“The key to running fast is to run faster.”—
“Dad, I know that.”
I’m 22 years old and training for my first half marathon. Although, I’m not really training for my first half marathon so much as I’m learning how to run. I’m not athletic, I never will be. But at that point in my life I needed a hobby.
“The key to running faster is to either increase your stride or increase the frequency of your strides,” Dad said.
I’m thinking about that heading into the new year. This year, we churned. We hurried to pack our stuff to move, we hurried to find an apartment, we rushed to find a doctor for Brad and start a new treatment. We’ve been hustling. As inspirational as that word is to other people, it makes me want to weep, then take a nap.
In 2014, I’m lengthening my stride to push myself just a few inches closer to what’s important to me. I still want to reach for things that excite me, but lengthening my stride lets me relax and gently stretch myself without burning out. Slow, Less, and Small are words I’m embracing this year. (And “second step” is becoming my mantra.) It doesn’t feel like shrinking; it feels like making room.
Bottom line, here is my list:
This is the year of abandoning books.
I read under threat of failure this year. Not serious failure, just the goal I made on Goodreads to finish 52 books this year. If there’s one thing my “to read” list on Goodreads has taught me, it’s that life is short. No, really. Almost 700 books are on that list and there isn’t that kind of time in this life. So starting in 2014, if a book doesn’t grip me, I’m casting it aside for one that does. My reading goal this year is 15 books. I want to read slowly and notice. I want to know more about writing and storytelling at the end of a book than I did when I started.
This is a social tic I’ve developed this year: nervously laughing after every single thing I say. I realized it last week when I skyped with my friend Shanna. She’s a rare citizen of my inner circle and I can be honest with her in ways I don’t know how to be with other people. But even so, I nervously laughed after everything I said, even more so after saying really important things. I could just be deeply awkward, but I think I’m actually out of practice and insecure. It’s been a year of losing the tent of old friends and painstakingly meeting new people. I almost always wonder what to say next while inside my head, I’m pleading like me! like me! Laughing less won’t solve this problem, but it’s a place to start.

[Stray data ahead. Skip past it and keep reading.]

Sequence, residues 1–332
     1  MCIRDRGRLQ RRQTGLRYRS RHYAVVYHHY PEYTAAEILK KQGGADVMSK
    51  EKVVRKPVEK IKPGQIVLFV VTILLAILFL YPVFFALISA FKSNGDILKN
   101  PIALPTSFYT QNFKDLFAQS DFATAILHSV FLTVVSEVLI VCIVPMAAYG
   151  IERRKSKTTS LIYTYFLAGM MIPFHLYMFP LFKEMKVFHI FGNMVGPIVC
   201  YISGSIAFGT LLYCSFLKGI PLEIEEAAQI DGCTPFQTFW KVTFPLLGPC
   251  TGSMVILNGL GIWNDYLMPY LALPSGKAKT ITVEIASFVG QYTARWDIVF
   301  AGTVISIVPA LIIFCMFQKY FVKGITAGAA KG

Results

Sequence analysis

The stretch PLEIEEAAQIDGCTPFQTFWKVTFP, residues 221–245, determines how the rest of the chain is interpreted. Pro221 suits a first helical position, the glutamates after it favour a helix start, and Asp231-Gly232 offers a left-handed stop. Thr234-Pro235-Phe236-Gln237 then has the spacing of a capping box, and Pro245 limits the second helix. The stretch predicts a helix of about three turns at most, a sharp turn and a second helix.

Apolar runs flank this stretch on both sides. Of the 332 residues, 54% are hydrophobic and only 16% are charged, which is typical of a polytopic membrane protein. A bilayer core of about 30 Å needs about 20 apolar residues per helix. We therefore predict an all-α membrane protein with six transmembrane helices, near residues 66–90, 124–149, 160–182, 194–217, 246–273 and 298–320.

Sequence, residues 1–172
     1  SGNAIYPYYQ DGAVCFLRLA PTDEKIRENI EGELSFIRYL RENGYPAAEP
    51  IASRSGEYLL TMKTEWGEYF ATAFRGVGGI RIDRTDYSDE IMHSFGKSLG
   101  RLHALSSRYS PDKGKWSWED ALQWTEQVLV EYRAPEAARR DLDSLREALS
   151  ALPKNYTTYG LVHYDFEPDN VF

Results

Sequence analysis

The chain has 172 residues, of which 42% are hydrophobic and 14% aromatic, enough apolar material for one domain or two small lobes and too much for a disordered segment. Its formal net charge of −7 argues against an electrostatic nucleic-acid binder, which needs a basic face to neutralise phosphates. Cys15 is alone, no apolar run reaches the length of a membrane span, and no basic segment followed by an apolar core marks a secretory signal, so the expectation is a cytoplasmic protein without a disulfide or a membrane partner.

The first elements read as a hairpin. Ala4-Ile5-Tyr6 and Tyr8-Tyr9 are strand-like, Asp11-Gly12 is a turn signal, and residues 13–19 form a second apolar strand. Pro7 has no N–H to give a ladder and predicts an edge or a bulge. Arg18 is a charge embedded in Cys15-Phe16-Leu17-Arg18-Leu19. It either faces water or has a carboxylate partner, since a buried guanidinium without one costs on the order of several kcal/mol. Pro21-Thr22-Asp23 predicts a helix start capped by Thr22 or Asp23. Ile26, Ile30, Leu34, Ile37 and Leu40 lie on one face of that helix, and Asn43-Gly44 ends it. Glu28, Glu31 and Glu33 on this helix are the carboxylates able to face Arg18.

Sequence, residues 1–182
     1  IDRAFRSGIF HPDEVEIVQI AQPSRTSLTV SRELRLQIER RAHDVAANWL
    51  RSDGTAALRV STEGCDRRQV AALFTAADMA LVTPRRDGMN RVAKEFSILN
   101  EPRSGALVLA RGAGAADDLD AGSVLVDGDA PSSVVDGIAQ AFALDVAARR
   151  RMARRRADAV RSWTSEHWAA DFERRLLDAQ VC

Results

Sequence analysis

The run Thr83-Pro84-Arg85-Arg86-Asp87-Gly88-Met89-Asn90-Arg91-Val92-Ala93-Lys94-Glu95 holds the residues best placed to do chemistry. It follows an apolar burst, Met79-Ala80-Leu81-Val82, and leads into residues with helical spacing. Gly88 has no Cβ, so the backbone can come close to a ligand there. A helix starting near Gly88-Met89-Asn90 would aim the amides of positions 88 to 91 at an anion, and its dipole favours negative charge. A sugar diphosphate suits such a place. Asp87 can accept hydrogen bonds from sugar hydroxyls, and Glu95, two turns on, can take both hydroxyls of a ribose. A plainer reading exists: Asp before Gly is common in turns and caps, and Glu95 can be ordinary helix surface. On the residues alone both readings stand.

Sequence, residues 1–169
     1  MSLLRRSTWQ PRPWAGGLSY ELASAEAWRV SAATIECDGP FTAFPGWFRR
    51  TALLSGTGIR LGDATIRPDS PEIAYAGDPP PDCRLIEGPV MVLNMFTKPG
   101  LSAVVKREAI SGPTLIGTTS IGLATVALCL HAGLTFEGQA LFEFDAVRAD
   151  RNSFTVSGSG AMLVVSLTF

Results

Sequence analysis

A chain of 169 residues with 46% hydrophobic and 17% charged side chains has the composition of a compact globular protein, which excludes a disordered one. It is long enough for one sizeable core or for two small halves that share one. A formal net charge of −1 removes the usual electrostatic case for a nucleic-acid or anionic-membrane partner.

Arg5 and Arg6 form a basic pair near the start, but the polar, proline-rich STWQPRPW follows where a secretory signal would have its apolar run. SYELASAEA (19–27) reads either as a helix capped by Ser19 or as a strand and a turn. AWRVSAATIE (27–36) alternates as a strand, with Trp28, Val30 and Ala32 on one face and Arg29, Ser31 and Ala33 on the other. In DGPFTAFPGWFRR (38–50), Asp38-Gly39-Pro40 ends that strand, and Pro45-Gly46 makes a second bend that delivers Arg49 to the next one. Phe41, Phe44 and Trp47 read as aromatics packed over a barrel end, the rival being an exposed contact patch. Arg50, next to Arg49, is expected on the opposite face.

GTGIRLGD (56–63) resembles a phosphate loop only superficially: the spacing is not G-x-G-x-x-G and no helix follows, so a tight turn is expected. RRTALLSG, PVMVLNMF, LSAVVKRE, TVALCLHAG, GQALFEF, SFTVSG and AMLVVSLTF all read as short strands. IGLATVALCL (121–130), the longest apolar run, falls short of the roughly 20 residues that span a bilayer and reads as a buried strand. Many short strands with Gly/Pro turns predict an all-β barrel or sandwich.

On the other hand! Please don’t feel bad for me when I say this year has had a lot more serious talks, hard swallows, good cries, bad cries, and goodbyes than it has had gut laughs. 2014 will be all about the peace and trust that free me to laugh.
Practice No List Sundays (and figure out what the sabbath is).
Every weekend I have a list and every weekend the list torments me. Easy solution? Ditch the list. At least on Sundays. For that one day a week, I’ll focus only on what’s right in front of me. This moment, this task, this conversation, this meal. Not those dirty floors, that appointment I have to make, that bag of clothes to hand wash, and those meals that need planned. As part of this, I want to study and think about what the biblical sabbath really is because Sunday doesn’t feel too different from Saturday to me, and I’m not sure that’s right. Maybe it is. I’ll report back when I know.
I’m not even sure how to describe this except that I want to love differently this year. Not a timid, selfish love, but a grossly generous and gracious love for all. I can’t do this on my own. God, help me.
In the spirit of Simple, Less, and Slow, try this tomato sauce from Bon Appetit. I was drawn to it because I have deep and ridiculous fantasies about someday becoming a master of Italian cooking and crafting next-level deliciousness out of a few tomatoes, some garlic, and magical thinking. This sauce is a step in the right direction. By the time the oven is heated to roast the tomatoes, you’ve done virtually all the prep. After that, it’s just boiling water. Plus, it made me brave enough to buy anchovies for the first time ever. So I ask you, dear readers: What do I do with the rest of my anchovies?
bucatini with butter-roasted tomato sauce
(at Bon Appetit)
We ate this with steamed broccoli because weirdly, we almost always eat broccoli when we eat pasta. I think it’s sort of a shoulder angel thing. It can’t be bad to eat pasta when you have virtuous broccoli perched on your plate, right? This roasts down to a jam consistency, so you don’t taste the anchovies specifically, but you do taste secret Italian mojo.